I found that statement interesting. It seems to be saying that good politics should or at least will be messy, and points to something that's worse than messy, and from what we've been seeing I tend to agree. But I'd like to see some elaboration with examples of what's meant by messy. Perhaps it will turn out that we need a better way of framing it than the word "messy." Is there something healthy underlying what seems to be a mess?

  • This was very interesting, although there is an issue I would like to see addressed.
    I would love to know what the reaction of Madison would be to the relative decline of Federalism and the ability that modern technology has to connect persons who hold mutual interests across geographic areas once only loosely tied together.
    Federalist 51's defenses against faction are twofold.
    Firstly, by dividing not only the new Federal goverment into branches with different interests, but also in having the various State governments exert control over the Federal government as it in turn exerts control over the States.
    Secondly, in the vastness of the new Republic, whose "society itself will be broken into so many parts, interests, and classes of citizens, that the rights of individuals, or of the minority, will be in little danger from interested combinations of the majority."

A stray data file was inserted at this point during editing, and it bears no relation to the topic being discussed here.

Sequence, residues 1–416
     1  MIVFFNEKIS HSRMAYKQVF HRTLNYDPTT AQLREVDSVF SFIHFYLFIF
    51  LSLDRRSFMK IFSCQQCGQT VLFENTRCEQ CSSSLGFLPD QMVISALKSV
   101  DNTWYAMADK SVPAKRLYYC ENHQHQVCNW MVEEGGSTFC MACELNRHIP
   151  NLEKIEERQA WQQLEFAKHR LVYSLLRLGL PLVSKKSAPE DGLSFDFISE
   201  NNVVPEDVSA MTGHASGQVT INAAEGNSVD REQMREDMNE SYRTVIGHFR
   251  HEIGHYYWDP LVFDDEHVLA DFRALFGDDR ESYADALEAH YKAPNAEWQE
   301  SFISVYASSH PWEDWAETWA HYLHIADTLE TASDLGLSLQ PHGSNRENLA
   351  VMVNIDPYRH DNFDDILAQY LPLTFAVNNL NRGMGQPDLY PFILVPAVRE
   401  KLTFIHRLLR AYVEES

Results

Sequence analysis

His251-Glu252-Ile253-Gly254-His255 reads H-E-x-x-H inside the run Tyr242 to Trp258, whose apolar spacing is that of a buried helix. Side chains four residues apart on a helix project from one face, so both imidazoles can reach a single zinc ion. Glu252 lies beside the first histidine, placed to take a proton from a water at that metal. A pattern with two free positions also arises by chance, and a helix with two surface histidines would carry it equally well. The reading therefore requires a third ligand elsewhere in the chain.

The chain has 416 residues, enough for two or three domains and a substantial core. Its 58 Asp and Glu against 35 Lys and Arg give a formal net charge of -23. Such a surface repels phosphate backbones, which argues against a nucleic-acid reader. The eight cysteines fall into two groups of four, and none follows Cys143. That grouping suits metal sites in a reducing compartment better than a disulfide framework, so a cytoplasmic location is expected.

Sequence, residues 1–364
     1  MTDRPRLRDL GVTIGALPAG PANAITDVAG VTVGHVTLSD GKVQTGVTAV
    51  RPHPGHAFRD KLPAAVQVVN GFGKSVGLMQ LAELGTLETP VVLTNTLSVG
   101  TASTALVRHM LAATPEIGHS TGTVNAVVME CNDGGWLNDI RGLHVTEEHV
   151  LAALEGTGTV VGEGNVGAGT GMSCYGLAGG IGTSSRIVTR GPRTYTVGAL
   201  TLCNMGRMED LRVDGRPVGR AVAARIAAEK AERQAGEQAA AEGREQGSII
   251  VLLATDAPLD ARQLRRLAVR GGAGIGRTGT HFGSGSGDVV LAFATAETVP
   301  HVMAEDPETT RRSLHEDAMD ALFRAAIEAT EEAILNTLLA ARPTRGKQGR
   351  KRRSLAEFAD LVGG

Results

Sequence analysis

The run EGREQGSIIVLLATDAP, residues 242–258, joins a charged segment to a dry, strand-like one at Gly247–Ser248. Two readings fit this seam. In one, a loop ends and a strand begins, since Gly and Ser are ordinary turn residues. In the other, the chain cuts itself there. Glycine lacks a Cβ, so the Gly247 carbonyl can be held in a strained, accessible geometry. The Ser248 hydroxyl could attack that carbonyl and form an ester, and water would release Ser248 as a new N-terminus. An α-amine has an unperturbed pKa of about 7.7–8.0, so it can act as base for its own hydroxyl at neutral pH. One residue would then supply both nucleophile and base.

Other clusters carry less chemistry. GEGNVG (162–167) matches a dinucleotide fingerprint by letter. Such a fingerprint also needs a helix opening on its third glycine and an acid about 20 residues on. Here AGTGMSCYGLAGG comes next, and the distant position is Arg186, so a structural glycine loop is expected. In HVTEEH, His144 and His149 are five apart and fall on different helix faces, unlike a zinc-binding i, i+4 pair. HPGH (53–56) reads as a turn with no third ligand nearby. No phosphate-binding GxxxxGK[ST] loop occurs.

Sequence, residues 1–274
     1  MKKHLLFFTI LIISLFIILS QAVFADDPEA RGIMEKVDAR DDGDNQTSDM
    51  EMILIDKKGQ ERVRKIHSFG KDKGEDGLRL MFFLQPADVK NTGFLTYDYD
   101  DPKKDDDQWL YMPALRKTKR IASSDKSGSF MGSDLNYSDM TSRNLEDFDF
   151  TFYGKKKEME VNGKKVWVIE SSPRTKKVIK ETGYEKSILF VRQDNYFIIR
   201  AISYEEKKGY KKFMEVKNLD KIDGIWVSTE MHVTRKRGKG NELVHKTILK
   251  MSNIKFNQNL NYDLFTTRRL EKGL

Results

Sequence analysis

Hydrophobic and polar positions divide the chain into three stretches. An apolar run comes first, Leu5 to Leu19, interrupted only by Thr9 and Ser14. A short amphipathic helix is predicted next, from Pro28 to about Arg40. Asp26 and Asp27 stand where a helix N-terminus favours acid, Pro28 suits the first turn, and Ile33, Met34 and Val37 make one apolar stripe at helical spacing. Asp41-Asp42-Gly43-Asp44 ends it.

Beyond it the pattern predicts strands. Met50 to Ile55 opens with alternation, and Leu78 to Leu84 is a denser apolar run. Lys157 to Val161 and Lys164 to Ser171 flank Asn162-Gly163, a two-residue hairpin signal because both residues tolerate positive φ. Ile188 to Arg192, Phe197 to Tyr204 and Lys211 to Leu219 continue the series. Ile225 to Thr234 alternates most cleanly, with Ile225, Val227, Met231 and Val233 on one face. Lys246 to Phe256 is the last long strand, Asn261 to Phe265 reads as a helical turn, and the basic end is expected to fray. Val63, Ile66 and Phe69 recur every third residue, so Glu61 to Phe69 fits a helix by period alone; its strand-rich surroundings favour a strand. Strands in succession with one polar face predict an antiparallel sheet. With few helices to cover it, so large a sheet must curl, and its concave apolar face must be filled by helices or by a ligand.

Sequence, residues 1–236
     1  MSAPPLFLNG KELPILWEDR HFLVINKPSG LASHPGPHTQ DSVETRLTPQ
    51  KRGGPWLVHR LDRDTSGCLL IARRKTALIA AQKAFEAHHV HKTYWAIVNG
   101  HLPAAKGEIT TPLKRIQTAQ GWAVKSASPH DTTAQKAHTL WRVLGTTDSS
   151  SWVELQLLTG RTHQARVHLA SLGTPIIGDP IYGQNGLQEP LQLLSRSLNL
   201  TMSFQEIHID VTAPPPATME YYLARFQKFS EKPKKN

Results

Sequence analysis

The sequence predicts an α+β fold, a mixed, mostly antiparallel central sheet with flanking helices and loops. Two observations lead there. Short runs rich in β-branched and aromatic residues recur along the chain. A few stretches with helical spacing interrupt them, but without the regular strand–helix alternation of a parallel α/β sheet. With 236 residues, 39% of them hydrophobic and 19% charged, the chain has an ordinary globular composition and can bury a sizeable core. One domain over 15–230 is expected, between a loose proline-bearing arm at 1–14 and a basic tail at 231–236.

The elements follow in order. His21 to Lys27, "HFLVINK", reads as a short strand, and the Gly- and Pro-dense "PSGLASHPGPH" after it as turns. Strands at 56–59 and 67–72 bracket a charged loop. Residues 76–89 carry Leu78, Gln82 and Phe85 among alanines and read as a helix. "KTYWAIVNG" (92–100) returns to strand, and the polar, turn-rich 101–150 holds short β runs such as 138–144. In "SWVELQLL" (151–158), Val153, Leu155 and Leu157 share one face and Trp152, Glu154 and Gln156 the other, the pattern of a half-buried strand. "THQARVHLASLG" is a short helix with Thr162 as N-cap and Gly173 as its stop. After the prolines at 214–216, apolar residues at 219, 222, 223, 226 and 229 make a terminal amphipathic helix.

We now have a dominant Federal governement with a weak Congress and strong Executive in a vast Republic which has become unified by online connections unforeseen by the Founders.
    If the factionalism inherent in man has remained the same, surely our defenses against it have eroded?

    1. Moreover, in Fed 10, Madison explicitly cites the size of the nation as a mitigant to the ability of factions to coalesce. He viewed geographic dispersion as highly anti-factionalist. The internet has completely eroded that ameliorant.

  • Thanks for a book review that is very thought provoking. BTW I checked out other works by the author (of this article, not the book) and I found this one to be very nuanced and insightful as well:


    1. Thanks. Now I know I will follow him on Twitter.